Every now and then, I think about what if I was to find myself single again. I’m approaching 40 (it’s the new 20!), I have two boys (complete darlings!), and I would be facing the possibility of dating all over again (I bring teh hotness!1!). I just celebrated my 7 year anniversary and I was a contented single person. However, the thought of dating period, much less navigating those treacherous waters with kids in tow, reminds me to pray that my wife will outlive me.

To a degree, I can still sympathize with trying to date while having kids. It’s hard enough finding the time to go out with just your spouse, to keep the relationship fresh. One of the reasons we decided to stop at two kids was that we could still find people to babysit for two (free!). Around three or more, we weren’t just paying, but we would be paying big. Or else making better friends. Many folks find themselves single with kids or single again with kids or have to go through the motions of weighing the pros and cons of dating someone with kids. There are many issues that they have to check off. Issues like:

-going from being single to an instant family
-dating while juggling kids
-dating while dealing with ex-spouses or the children’s other parent still having to be around
-blending two families
-how and when to develop/allow the appropriate attachments

It’s a lot to absorb and deal with on top of trying to figure out if you like the person you’re going out with, though every relationship has its baggage. I talked to a few friends of mine to see how they handled dating folks while having kids, and a few similar threads kept coming up.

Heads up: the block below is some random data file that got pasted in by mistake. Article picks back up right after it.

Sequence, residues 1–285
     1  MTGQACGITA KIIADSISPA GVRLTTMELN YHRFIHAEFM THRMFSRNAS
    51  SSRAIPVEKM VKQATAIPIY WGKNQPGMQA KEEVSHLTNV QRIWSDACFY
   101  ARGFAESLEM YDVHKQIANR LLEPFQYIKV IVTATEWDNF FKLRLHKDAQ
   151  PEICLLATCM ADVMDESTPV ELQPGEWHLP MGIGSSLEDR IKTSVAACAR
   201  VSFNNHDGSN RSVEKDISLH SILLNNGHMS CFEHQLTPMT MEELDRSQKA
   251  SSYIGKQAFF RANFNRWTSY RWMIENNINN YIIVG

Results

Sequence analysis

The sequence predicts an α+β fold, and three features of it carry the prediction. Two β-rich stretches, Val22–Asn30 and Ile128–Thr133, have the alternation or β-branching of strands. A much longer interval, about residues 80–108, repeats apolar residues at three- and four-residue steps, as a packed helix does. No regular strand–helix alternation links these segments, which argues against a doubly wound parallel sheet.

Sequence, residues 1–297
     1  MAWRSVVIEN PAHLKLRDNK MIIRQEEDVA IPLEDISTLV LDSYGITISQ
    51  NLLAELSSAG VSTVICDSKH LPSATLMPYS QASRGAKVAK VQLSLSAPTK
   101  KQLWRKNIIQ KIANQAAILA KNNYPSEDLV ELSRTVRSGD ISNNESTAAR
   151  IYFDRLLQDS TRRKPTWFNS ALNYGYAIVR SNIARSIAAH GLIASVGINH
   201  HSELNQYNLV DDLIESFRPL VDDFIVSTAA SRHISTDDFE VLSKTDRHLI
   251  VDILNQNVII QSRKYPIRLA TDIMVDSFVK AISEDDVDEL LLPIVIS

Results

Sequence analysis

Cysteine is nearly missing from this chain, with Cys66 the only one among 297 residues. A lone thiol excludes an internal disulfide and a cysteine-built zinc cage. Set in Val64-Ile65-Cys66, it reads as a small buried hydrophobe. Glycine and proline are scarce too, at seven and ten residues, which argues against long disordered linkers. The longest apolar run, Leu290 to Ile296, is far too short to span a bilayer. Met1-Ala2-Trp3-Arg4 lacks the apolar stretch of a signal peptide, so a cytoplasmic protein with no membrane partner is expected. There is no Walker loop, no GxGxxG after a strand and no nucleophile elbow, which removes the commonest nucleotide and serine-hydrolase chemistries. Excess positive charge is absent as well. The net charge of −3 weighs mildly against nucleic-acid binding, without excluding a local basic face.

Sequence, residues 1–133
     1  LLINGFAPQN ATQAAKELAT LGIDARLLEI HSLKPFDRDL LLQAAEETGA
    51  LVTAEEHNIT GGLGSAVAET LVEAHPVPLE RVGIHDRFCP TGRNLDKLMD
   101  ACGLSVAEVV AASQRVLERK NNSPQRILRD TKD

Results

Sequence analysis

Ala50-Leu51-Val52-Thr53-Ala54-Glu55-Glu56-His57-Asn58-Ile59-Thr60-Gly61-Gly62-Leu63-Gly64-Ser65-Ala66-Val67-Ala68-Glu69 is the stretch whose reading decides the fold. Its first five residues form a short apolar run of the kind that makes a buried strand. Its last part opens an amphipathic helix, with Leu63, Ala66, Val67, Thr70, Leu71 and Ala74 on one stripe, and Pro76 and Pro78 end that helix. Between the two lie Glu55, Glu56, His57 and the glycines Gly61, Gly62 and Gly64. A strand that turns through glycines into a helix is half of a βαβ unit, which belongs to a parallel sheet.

1) Take time before introducing the kids to the other. Okay, one person I talked to made it a point to not introduce her kids to whoever she was dating until the relationship had lasted a year first. Your timing may vary. The point is that your first responsibility is to your kids and creating a stable environment for them. You don’t want to confuse the kids with a constant stream of “friends.” And the simple fact is that it’s important to see if the two of you are going to work as a couple, if they are worth the time/emotional investment, to move to the next level.

2) Take the attachments slowly. Judge the children’s reaction to your significant other and your significant other’s reaction to them. For one thing, you don’t want to let the kids get attached only to have your “friend” disappear. Break ups are hard enough on adults, but they are even tougher on kids. On the other hand, you also want to allow time to allow the relationship between your children and your significant other to develop naturally.

3) Be honest and upfront. My sister handled introductions this way: “Hi. My name is Ro. I have two kids.” It puts the facts immediately out there and gives them an out that way they can run if they’re going to run.

4) Realize that where there are kids, there are parents. A baby momma/daddy may still be in the picture, another party to your relationship. Like any other family, you inherit them as a part of the relationship. If there is any drama with the children’s other parent, that needs to come up pretty early in the discussion also. (I’m thinking that “By the way, the baby daddy’s crazy” is a date three conversation.)

The key rule to relationships of all sorts boils down to how best you can love one another, your kids and yourself as you seek to find your own happiness. This topic is way too big for me to gloss over in one blog, no matter how lengthy, so I may me re-visiting it again in the future. What are your thoughts?

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